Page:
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Extending Our Reach: What We Have Learned In Two Years Of Engineering Study Abroad Programs

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2008 Annual Conference & Exposition


Pittsburgh, Pennsylvania

Publication Date

June 22, 2008

Start Date

June 22, 2008

End Date

June 25, 2008



Conference Session

Preparing Engineers for the Global Workplace

Tagged Division


Page Count


Page Numbers

13.600.1 - 13.600.15



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Paper Authors

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Alan Parkinson Brigham Young University

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John Harb Brigham Young University

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Spencer Magleby Brigham Young University

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Chelita Pate Brigham Young University

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NOTE: The first page of text has been automatically extracted and included below in lieu of an abstract

Extending Our Reach: What We Have Learned in Two Years of Engineering Study Abroad Programs Abstract

Two years ago the Ira A. Fulton College of Engineering and Technology at BYU embarked on an ambitious program to develop engineering study abroad programs. As a first step, we studied programs around the country to better understand programs formats and best practices. For the 2006/2007 school year, we sponsored seven student programs that involved sending students to China, France, Mexico, Romania and Tonga. In this paper we discuss what we have learned from the first cycle of these programs. Issues discussed include why we chose a particular program format, what went well and what did not, preparation of students beforehand, refinement of outcomes, and a surprising emergence, to us, of the potential and importance of international humanitarian projects.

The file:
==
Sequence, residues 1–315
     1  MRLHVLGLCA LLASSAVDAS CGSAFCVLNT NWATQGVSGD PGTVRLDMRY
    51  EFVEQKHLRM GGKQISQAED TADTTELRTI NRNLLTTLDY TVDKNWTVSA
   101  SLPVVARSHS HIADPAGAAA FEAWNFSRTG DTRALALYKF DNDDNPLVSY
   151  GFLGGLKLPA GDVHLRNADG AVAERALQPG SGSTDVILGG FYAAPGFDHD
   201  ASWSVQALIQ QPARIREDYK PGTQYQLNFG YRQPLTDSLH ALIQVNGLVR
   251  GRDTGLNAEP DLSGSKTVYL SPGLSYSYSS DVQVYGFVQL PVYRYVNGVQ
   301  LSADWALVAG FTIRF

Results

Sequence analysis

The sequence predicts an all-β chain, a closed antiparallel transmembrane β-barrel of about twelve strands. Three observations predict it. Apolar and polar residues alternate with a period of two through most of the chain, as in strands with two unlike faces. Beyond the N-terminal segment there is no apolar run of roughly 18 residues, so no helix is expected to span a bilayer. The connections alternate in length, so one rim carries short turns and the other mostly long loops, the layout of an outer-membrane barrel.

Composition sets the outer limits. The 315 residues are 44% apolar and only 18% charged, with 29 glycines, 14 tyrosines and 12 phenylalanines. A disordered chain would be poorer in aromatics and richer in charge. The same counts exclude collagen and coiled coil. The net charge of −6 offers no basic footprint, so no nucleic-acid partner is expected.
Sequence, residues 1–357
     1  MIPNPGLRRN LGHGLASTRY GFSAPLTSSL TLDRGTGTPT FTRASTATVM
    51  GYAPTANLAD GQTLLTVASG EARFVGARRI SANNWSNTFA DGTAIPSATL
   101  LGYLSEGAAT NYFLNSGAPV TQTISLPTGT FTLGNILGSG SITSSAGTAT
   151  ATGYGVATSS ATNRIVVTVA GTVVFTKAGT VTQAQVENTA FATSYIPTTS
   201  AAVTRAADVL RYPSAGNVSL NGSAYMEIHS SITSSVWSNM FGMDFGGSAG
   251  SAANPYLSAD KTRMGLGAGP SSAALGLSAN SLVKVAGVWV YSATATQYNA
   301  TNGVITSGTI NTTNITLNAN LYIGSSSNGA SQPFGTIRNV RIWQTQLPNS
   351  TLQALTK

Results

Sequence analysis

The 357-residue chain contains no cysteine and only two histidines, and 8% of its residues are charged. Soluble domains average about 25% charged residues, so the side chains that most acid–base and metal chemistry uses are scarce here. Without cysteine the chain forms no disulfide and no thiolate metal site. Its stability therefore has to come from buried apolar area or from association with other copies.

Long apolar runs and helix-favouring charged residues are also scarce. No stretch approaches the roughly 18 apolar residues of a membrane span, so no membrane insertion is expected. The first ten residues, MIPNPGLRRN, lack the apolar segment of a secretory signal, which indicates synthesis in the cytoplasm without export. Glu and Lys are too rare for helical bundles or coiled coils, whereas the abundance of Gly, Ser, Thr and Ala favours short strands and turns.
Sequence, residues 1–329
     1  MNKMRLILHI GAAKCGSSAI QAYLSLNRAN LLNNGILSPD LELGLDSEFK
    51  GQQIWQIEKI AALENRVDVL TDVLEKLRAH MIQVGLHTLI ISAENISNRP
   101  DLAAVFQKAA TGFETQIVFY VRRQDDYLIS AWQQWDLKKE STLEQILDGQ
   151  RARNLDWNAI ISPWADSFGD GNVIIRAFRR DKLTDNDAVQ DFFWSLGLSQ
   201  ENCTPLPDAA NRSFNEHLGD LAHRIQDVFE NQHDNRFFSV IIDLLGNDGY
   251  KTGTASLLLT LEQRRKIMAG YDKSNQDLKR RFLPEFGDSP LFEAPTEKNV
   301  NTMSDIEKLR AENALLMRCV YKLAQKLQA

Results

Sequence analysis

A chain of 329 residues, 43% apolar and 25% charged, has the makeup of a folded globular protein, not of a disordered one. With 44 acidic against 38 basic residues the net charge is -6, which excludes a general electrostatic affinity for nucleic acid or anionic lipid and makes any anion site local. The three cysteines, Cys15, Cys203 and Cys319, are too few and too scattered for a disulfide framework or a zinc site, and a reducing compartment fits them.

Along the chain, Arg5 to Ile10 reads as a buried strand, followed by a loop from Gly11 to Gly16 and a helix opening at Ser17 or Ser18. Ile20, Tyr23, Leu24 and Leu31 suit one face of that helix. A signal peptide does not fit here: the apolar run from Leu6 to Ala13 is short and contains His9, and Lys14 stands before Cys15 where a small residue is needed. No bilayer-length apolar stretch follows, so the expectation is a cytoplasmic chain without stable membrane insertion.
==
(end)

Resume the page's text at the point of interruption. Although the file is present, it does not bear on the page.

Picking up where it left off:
Engineering is a global enterprise. As perhaps no other work or study has done, Tom Friedman’s bestselling book The World is Flat has brought into focus the remarkable changes that have reshaped the roles and skills needed for engineers in the 21st-century.1 The changes that are transforming engineering and technology include the ability to communicate in real time anywhere in the world, the prominence of international markets, the development of global product supply chains, the shift to offshore manufacturing, the scale and reach of multi-national corporations, and the emergence of highly skilled engineering workforces around the world.

As one example of these changes, consider the development of the Boeing 787 “Dreamliner.” This plane represents the most successful introduction of a commercial jetliner for Boeing, with over 700 orders received from customers in 32 countries. Fig. 1 shows where parts of this plane will be manufactured.2 It is clear from this figure the 787 will be a globally developed and manufactured product, with major subassemblies of the plane coming from the United States, Canada, Italy, Korea, Australia, Japan, England, Sweden and France.

What does this mean relative to the desirable set of skills for engineers? Recently Patricia Galloway, former president of the American Society of Civil Engineers, addressed this topic in her important book, The 21st-Century Engineer, A Proposal for Engineering Reform, where she wrote, 3

A solid understanding of globalization is key to an engineer’s success in today’s global society. Globalization involves the ability to understand that the world economy has become tightly linked with much of the change triggered by technology; to understand other cultures, especially the societal elements of these cultures; to work effectively in multinational teams; to communicate effectively—both orally and in writing—in the international business language of English; to recognize and understand issues of sustainability; to understand the importance of transparency while working with local populations; and to understand public policy issues around the world and in the country

Parkinson, A., & Harb, J., & Magleby, S., & Pate, C. (2008, June), Extending Our Reach: What We Have Learned In Two Years Of Engineering Study Abroad Programs Paper presented at 2008 Annual Conference & Exposition, Pittsburgh, Pennsylvania. 10.18260/1-2--3542

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